Casino-resort developer Las Vegas Sands Corp. said its fourth-quarter net income rose 17 percent to $320.1 million as the company set an internal record for revenue, thanks mainly to more people gambling at its resorts in Macau and Singapore, company officials said Wednesday.
The company's billionaire CEO, Sheldon Adelson, who has made headlines recently for his and his wife's combined donation of $10 million to a political action committee supporting GOP presidential candidate Newt Gingrich, said the company is seriously considering building resorts in Japan, Korea, Taiwan and Vietnam.
"Our most recent conversations have advanced to the point where details such as site selection ... have been discussed," Adelson told investors during a conference call Wednesday.
Adelson said the company hopes to build one resort each in the two most populous cities in each country.
Sands' net income amounted to 39 cents per share. Its revenue for the quarter rose 26.3 percent to $2.54 billion.
The company reported adjusted earnings of 57 cents per share, in line with an average forecast from analysts, while its revenue beat the average forecast for revenue of $2.46 billion.
After hours, its shares fell 90 cents to $49.28, after finishing the day up $1.07, or 2.2 percent, at $50.18.
Analyst Robin Farley of UBS Investment Research said Sands' earnings before taxes, interest, depreciation and amortization (EBITDA) in Las Vegas missed Wall Street's targets. She said the company also got a lucky bump in Singapore, where it won more money from high rollers than it should have given the amount the gamblers wagered.
"Luck may have added about $22 million or more to the reported $427 million (in EBITDA)," Farley told investors in a note.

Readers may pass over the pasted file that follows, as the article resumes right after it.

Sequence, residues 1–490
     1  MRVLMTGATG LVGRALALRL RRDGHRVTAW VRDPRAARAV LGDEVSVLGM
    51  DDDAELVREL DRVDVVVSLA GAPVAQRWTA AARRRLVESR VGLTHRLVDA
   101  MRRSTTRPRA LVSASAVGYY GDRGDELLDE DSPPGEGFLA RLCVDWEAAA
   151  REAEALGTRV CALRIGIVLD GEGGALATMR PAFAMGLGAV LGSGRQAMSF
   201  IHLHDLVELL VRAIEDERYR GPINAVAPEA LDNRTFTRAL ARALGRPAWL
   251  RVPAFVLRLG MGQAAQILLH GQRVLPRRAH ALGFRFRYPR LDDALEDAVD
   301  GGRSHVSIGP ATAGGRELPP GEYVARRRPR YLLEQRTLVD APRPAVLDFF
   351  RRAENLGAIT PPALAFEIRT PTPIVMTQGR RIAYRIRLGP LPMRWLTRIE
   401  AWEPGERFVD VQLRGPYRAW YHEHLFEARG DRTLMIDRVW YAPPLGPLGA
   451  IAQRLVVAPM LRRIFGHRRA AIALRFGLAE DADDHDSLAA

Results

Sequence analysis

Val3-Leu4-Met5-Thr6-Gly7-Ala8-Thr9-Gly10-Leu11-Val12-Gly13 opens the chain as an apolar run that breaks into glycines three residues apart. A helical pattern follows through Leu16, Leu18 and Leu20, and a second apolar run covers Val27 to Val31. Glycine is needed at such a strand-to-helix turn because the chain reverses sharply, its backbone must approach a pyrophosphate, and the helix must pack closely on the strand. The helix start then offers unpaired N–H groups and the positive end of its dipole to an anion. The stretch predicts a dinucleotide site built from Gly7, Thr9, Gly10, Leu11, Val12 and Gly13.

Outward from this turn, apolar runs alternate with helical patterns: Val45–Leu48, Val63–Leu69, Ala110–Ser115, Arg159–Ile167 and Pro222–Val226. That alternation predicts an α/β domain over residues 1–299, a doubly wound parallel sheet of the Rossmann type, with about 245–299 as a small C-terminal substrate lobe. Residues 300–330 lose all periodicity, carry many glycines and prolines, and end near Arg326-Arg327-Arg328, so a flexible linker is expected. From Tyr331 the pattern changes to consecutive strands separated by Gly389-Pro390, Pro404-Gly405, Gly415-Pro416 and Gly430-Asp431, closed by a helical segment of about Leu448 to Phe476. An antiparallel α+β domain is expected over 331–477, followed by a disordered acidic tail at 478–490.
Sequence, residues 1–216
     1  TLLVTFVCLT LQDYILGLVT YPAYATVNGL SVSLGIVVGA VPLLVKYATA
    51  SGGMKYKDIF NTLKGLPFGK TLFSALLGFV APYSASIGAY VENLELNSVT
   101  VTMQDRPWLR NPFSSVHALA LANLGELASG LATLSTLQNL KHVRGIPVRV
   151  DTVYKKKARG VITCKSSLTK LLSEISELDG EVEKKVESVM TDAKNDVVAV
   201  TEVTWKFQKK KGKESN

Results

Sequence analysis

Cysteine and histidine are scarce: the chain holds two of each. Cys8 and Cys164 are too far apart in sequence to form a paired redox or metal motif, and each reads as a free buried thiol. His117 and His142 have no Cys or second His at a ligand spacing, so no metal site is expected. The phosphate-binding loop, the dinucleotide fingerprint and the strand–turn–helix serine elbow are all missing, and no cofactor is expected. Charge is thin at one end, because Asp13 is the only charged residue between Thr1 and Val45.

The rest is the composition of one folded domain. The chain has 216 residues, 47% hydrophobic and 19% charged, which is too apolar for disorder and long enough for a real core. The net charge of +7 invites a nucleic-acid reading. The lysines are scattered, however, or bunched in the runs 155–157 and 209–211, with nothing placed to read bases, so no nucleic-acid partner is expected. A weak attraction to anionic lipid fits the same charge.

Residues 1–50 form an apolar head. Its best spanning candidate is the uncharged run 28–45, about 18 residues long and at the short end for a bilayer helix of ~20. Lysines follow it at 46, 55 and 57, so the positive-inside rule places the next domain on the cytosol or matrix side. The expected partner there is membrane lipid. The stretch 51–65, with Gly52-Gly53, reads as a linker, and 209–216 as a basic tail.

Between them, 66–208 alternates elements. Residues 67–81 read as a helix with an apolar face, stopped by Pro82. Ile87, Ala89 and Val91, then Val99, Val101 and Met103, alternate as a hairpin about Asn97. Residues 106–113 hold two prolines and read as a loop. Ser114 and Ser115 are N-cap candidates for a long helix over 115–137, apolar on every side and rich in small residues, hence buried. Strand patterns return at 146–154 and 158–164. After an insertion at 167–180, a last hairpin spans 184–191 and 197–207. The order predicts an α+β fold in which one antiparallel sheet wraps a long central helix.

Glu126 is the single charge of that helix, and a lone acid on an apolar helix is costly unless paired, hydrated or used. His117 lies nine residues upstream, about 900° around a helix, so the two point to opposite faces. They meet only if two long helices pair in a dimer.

Adelson said he thinks analysts underappreciate Sands' growth potential and standing in the industry.
Sands declared an annual dividend of $1 per share to be paid in four parts, starting March 30.
The company said that in Macau, more middle-income gamblers played slots and table games. They wagered at lower limits than high rollers, but with lower costs _ so their bets were more profitable.
Fourth-quarter revenue for the subsidiary Sands China increased 22 percent to $1.33 billion. In Singapore, revenue rose 44 percent to $806.9 million. And in Las Vegas, Sands' revenue climbed 9.3 percent to $339.5 million, while it rose 25.9 percent in Bethlehem, Pa., to $105 million.
Adelson said the company now has just under one-fifth of the Macau market, and he expects that share to rise as Sands revamps its relationships with junket representatives who bring in high rollers and after Sands Cotai, a new casino development, opens in eight weeks.
Adelson said Macau's eye-popping gambling tourism will keep growing as transportation infrastructure improves and more urban Chinese people have the disposable income and hotel rooms are built.
Sands also has asked the Chinese government for permission to build a new 4,000-room themed casino on land Sands owns in Macau's Cotai peninsula; it would have separate towers for mass-market gamblers and high rollers. Adelson said he thinks Sands is ahead of other companies wanting to expand in Cotai because it already owns the land it wants to build on.
He said he has also talked with the Singapore government about buying land adjacent to its Marina Bay Sands resort and building an additional 1,000 to 1,500 rooms there. More rooms could significantly increase revenue at the resort, where occupancy is above 90 percent.
"We're turning people away," he said.
Oskar Garcia can be reached on Twitter at http://twitter.com/oskargarcia.